Thursday, March 12, 2015

Airlines Have Standing to Challenge TSA Fee, But Lose on Merits

The D.C. Circuit ruled this week that airlines have standing to challenge a TSA fee charged to passengers, because the fee, built into the price of an airline ticket, increases the net price for tickets and thus reduces demand. But the court went on to rule against the airlines on the merits.

The airlines in Airlines for America v. TSA challenged a TSA rule implementing a statutory fee designed to cover the cost of screening passengers. Airlines collect the fee as part of the ticket price and pass the proceeds along to TSA. The airlines challenged the rule as it applies to passengers whose travel begins abroad but includes a connecting flight within the United States.

TSA argued that the airlines lacked standing. But the court disagreed. The court said that the airlines were harmed by the fee (even if minimally), because it jacked up the ticket price and thus reduced demand:

We recognized . . . the basic proposition that "increasing the price of an activity . . . will decrease the quantity of that activity demanded in the market." . . . TSA has given no reason to suspect that any . . . exception is applicable here. Thus, the security fees injure the airlines by increasing the net price for airline tickets and reducing demand for those tickets. . . .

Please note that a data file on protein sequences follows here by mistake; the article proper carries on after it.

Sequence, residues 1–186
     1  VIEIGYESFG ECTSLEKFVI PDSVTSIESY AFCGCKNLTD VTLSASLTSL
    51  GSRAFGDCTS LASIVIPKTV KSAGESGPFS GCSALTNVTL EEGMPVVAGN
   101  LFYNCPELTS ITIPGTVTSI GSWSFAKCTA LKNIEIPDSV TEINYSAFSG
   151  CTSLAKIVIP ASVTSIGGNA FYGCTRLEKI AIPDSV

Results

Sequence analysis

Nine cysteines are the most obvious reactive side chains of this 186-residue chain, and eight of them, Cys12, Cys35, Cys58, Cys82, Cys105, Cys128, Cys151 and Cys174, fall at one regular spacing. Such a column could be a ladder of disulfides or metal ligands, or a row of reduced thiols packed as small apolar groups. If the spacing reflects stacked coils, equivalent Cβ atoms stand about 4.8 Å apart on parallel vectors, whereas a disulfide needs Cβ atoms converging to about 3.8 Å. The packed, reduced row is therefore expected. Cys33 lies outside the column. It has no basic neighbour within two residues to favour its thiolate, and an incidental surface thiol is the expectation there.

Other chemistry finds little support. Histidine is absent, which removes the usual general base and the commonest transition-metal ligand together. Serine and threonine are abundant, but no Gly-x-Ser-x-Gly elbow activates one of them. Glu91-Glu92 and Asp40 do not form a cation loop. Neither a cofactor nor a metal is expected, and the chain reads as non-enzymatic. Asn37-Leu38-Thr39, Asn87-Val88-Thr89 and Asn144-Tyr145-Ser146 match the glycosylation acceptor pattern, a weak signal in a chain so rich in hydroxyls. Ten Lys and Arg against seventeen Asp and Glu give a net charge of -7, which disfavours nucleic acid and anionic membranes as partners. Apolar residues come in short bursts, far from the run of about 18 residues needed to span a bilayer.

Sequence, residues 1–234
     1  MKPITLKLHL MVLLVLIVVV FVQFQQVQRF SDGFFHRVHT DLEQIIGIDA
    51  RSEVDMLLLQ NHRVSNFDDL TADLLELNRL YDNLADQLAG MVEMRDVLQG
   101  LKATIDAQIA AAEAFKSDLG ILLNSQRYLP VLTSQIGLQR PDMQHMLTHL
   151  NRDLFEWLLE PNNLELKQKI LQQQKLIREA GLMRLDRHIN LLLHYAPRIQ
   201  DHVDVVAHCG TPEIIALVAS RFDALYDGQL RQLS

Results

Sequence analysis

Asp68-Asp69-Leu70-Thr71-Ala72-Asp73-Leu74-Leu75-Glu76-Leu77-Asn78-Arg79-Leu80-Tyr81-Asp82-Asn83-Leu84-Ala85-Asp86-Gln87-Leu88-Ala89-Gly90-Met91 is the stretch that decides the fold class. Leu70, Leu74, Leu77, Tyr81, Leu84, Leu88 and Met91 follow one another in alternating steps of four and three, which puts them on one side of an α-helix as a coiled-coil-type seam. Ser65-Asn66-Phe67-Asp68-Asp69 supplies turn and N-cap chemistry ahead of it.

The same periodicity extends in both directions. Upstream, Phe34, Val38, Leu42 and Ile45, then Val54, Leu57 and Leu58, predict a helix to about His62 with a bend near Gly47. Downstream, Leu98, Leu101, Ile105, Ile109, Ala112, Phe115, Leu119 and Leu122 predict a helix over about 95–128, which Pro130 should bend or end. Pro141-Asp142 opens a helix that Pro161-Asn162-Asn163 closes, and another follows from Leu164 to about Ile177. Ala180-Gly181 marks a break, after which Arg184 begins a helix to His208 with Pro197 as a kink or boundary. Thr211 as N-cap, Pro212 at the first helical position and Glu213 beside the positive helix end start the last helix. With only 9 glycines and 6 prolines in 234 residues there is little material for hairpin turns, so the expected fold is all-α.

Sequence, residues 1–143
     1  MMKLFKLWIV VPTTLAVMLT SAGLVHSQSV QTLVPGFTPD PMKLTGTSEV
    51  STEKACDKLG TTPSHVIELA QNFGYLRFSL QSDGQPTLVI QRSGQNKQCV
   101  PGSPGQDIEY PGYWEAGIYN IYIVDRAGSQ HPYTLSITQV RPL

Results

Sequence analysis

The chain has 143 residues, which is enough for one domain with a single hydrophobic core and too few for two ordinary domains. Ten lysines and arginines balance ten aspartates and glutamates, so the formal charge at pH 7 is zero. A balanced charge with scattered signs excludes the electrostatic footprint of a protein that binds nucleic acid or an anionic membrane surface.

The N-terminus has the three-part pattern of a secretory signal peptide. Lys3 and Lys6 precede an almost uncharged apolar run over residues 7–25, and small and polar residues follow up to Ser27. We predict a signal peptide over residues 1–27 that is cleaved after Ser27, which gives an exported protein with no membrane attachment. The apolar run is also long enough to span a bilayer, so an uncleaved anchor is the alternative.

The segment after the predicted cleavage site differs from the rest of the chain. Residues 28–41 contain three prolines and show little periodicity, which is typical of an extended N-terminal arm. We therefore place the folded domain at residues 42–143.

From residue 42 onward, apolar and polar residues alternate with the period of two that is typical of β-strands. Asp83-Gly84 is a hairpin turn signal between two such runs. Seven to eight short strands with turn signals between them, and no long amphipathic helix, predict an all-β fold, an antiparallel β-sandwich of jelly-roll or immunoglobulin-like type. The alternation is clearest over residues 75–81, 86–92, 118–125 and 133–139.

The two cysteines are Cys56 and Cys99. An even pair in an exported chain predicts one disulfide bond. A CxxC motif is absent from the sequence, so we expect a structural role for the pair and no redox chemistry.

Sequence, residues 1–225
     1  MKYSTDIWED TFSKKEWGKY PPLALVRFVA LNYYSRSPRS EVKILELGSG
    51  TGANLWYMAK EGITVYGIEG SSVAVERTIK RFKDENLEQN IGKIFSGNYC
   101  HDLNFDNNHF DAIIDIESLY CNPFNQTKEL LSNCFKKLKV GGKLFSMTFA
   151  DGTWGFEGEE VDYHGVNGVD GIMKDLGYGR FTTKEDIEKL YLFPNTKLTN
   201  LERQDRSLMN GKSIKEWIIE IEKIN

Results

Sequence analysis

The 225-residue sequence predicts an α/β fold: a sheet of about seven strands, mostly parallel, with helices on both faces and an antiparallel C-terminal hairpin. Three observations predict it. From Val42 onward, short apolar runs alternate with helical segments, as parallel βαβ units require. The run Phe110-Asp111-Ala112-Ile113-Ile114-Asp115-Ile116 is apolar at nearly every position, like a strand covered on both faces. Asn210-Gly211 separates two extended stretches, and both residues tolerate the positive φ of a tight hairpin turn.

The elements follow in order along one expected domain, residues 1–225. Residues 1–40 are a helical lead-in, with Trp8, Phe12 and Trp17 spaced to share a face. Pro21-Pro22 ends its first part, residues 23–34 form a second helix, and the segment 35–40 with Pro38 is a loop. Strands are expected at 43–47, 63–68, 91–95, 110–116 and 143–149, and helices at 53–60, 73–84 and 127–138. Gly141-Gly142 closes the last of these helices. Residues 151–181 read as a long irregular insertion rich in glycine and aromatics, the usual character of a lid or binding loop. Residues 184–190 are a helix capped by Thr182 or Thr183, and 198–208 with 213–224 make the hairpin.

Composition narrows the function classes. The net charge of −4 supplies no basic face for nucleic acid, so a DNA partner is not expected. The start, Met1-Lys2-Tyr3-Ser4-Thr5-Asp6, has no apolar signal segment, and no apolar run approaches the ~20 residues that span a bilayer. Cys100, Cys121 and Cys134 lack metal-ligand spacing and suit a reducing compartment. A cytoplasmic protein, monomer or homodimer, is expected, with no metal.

While the impact on demand is likely to be modest, the direction of change in demand is clear (downward). . . . [T]he court's duty to refrain from merits rulings until assured of jurisdiction . . . does not mandate an econometric study of the exact quantity of change. And, as the injury is inferable from generally applicable economic principles rather than from any special circumstances, it is sufficiently "self-evident" that we require "no evidence outside the administrative record."

But the court went on to rule against the airlines on the merits. In short, the court said that the statute, which sets the security fee at "$5.60 per one-way trip in air transportation or intrastate air transportation that originates at an airport in the United States," allows TSA to collect the fee for travel that begins abroad and connects in the United States (for example, from Paris to New York with a connection to Chicago).

https://lawprofessors.typepad.com/conlaw/2015/03/airlines-have-standing-to-challenge-tsa-fee-but-lose-on-merits.html

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